“Toyota is claiming success with private, corporate and government buyers. They say government sales have increased by 374 percent over the superseded model and now average 36 sales a month to state governments. But I was left wondering if the boffins behind new generation Prius were concerned for its role in the real world - one is tempted even to ponder if they actually drove it.

“How else can one explain a touch screen information system covering everything from sound and climate control settings to fuel usage and powertrain graphics and sat nav which is anything but user-friendly. This screen is effectively invisible in many daylight situations! How come there is a green reflective line from the speedo housing directly into the driver’s nighttime sight line? Imagine 15 individual control buttons on the steering wheel none of them identifiable at night.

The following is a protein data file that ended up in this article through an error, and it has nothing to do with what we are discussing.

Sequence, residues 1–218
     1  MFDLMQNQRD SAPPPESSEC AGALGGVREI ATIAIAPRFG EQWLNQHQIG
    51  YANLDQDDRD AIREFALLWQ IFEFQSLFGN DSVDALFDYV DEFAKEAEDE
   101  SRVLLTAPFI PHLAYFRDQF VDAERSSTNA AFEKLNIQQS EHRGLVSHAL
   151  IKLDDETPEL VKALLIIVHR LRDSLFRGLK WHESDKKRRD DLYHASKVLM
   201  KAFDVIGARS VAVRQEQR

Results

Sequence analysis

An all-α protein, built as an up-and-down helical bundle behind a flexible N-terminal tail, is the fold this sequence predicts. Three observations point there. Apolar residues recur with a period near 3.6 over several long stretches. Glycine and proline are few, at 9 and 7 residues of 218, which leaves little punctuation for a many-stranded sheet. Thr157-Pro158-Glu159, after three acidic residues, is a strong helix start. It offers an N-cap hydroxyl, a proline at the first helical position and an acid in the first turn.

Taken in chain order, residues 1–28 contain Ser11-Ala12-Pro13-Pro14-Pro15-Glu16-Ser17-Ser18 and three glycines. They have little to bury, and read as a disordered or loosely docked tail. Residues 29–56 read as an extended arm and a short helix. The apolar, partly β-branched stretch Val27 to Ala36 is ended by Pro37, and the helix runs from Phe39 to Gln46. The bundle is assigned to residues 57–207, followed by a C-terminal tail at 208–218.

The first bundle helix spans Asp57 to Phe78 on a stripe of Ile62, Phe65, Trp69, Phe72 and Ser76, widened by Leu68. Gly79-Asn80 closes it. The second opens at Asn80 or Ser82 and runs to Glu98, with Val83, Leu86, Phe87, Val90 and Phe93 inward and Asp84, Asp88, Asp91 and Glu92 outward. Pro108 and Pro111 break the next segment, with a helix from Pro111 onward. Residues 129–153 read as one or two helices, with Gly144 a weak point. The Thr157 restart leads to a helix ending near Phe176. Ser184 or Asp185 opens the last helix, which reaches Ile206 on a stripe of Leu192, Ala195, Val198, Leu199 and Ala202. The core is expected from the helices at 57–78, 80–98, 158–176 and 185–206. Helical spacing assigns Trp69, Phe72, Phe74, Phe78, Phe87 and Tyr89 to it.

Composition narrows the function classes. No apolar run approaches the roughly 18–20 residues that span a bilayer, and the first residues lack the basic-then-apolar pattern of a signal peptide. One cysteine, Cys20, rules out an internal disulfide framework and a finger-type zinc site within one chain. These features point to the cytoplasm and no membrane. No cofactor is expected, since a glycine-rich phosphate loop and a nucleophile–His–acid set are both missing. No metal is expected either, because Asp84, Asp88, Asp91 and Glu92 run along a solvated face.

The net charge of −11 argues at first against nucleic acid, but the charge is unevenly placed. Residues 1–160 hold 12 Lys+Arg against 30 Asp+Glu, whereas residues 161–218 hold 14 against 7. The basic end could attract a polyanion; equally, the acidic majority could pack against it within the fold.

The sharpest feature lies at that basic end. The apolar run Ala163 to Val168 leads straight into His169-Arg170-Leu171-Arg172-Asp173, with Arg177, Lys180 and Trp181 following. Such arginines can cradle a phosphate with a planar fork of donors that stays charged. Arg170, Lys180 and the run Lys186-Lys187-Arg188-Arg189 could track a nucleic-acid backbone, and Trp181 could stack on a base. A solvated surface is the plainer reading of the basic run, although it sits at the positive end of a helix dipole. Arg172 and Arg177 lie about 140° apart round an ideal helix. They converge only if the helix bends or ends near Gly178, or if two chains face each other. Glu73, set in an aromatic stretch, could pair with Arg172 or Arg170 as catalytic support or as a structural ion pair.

“But worst of all is what happens when you leave the bitumen. There emanates an immediate, seemingly calamitous cacophony of creaks, shakes, rattles and bangs on any corrugated dirt. It is no exaggeration to declare this the worst performance I can recall - even to the only instance of scuttle shake in a closed vehicle. But uncannily, this scare is followed by a return to that typical Toyota feel of total build quality and ruggedness when you get back on a smooth surface.

“Prius is no doubt a ‘good thing’. For now the bulk of sales will be to Pollies chasing Green votes and they will enthusiastically inflict them on unsuspecting civil servants. There will be a few private buyers and some companies which like to be seen to be ahead of the masses. When you see a Prius why not wave - chances are that as a taxpayer you are a co-owner.